Category Archives: Fish

Inslee to decide whether to revise water-pollution standards for the state

Identifying and eliminating sources of water pollution — a process involving “chemical action plans” — is a common-sense idea that never faced much opposition among legislators.

Capitol

But the Legislature’s failure to act on the idea this year cut the legs out from under Gov. Jay Inslee’s anti-pollution plan, which included updated water-quality standards along with authority to study and ban harmful chemicals when alternatives are available.

Although chemical action plans make a lot of sense, the idea of coupling such planning to water-quality standards never quite gelled. Inslee argued that water-quality standards alone would not solve the pollution problem, because the standards address only a limited number of chemicals.

Furthermore, while the water-quality standards define an acceptable level of pollution for a body of water, they are limited in their regulatory control. The standards generally limit discharges only from industrial processes and sewage-treatment plants. In today’s world, stormwater delivers most of the pollution. Legal limits for stormwater discharges are nonexistent, except in rare cases where a toxic-cleanup plan has been established.

Environmentalists and tribal leaders were disappointed with the governor’s proposed water-quality standards. They believed he should be calling for much more stringent standards. While most people liked the idea of an ongoing program of chemical action planning, the governor received limited support for his legislation, House Bill 1472, among environmental and tribal communities.

Inslee

We can’t forget that Inslee had publicly stated that if the Legislature failed to act on his full pollution-cleanup program, he would revisit the water-quality standards — presumably to make them stronger. So the governor kind of boxed himself in, and that’s where we stand today.

Republican legislators acknowledged the value of chemical action plans. Their concerns seemed to center around a distrust of the Department of Ecology, reflecting the views of the chemical industry and others who could find themselves under greater regulatory control.

The House stripped out a provision in the bill that would allow Ecology to ban chemicals without legislative approval. And the key committee in the Senate — the Energy, Environment and Telecommunications Committee — went further by limiting Ecology’s ability to study safer chemicals when a ban is under consideration.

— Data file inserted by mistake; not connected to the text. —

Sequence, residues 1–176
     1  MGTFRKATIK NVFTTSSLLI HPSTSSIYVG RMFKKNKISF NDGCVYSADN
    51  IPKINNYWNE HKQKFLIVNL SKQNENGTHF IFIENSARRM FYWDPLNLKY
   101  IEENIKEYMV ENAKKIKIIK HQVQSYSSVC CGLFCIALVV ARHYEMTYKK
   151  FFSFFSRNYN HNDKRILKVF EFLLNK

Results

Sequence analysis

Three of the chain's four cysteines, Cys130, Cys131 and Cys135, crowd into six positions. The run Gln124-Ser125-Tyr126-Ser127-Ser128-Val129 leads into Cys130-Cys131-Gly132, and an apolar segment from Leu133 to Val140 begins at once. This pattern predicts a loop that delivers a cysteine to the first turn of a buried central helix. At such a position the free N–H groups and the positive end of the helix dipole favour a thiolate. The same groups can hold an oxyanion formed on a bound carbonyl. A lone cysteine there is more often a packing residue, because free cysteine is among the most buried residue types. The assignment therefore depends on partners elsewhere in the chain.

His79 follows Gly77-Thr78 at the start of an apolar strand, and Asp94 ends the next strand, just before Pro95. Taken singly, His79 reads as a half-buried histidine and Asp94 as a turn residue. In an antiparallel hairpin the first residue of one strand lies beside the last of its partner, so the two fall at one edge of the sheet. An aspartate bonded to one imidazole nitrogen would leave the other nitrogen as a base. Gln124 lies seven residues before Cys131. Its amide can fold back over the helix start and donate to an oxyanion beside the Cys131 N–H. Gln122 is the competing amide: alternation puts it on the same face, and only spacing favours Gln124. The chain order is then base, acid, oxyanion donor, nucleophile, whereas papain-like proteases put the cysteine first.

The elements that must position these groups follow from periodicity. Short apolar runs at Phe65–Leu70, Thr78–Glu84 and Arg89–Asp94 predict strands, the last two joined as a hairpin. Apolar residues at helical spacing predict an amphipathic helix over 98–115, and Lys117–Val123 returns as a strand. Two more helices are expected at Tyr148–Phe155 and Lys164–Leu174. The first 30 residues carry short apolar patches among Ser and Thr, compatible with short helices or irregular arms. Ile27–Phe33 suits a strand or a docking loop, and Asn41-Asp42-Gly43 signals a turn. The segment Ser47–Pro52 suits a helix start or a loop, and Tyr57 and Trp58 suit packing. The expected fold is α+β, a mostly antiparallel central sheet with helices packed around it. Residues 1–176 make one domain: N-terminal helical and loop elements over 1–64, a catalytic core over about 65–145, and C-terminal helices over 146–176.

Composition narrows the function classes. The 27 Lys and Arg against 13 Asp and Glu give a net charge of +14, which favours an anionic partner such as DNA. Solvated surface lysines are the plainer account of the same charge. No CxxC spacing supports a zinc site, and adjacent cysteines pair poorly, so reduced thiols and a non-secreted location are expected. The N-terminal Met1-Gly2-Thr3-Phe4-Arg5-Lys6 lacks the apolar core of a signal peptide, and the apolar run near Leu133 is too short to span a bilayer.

The governor ultimately shifted his support away from the bill that emerged from the committee, as I described in a story I wrote in April for InvestigateWest. The bill never made it to the floor of the Senate, and it ultimately died, along with funding for a wider range of chemical action plans.

“Not only did we not get additional policy help, but we also didn’t get funding to implement the chemical action plans that were already done,” noted Rob Duff, the governor’s environmental policy adviser.

In all, about $3.8 million for toxic cleanup efforts was cancelled along with the legislation.

Plans have been developed to reduce toxic releases of five classes of persistent, bioaccumulative toxics, or PBTs, including polychlorinated biphenyls and mercury. But carrying through on cleanup ideas spelled out in those plans has been slow without targeted funding, and many toxic chemicals of concern, such as pharmaceuticals, are not considered PBTs.

“We aren’t going to throw up our hands,” Rob told me. “Under the PBT rule, we can do PBTs. We will continue to push toward source reduction, although we did not get additional authority from the Legislature.”

Educational programs and voluntary efforts by industry remain in play, pending a further try at legislation next session. Meanwhile, the governor will review the proposed water quality standards, according to Duff.

Rule note

“We will put everything on the table and see what is the best path forward,” he said. “We will have the governor briefed and the necessary discussions over the next two weeks.”

The governor’s proposed water-quality standards have gone through public hearings and must be approved by Aug. 3, or else the process must start over.

Meanwhile, the Environmental Protection Agency is developing its own water-quality rule, which could impose stronger standards upon the state. Water-quality standards, which are a concentration of chemicals in the water, are based on a formula that accounts for how each chemical is assimilated through the food web and into the human body.